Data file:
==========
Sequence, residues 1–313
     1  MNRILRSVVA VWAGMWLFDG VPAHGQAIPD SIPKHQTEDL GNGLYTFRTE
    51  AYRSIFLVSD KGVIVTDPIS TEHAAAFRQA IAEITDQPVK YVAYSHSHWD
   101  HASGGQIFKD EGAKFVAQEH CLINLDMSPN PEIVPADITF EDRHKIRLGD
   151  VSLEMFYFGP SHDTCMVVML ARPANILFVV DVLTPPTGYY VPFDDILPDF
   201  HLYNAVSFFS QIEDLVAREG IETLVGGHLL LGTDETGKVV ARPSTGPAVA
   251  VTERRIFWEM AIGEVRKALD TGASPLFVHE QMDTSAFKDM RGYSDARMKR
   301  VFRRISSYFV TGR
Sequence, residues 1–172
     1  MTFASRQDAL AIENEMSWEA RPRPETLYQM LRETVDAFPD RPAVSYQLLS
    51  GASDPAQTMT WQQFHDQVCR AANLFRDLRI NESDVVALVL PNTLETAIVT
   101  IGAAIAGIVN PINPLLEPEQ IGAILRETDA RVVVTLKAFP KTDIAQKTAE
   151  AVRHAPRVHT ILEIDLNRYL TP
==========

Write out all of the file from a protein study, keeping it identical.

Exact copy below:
Sequence, residues 1–313
     1  MNRILRSVVA VWAGMWLFDG VPAHGQAIPD SIPKHQTEDL GNGLYTFRTE
    51  AYRSIFLVSD KGVIVTDPIS TEHAAAFRQA IAEITDQPVK YVAYSHSHWD
   101  HASGGQIFKD EGAKFVAQEH CLINLDMSPN PEIVPADITF EDRHKIRLGD
   151  VSLEMFYFGP SHDTCMVVML ARPANILFVV DVLTPPTGYY VPFDDILPDF
   201  HLYNAVSFFS QIEDLVAREG IETLVGGHLL LGTDETGKVV ARPSTGPAVA
   251  VTERRIFWEM AIGEVRKALD TGASPLFVHE QMDTSAFKDM RGYSDARMKR
   301  VFRRISSYFV TGR
Sequence, residues 1–172
     1  MTFASRQDAL AIENEMSWEA RPRPETLYQM LRETVDAFPD RPAVSYQLLS
    51  GASDPAQTMT WQQFHDQVCR AANLFRDLRI NESDVVALVL PNTLETAIVT
   101  IGAAIAGIVN PINPLLEPEQ IGAILRETDA RVVVTLKAFP KTDIAQKTAE
   151  AVRHAPRVHT ILEIDLNRYL TP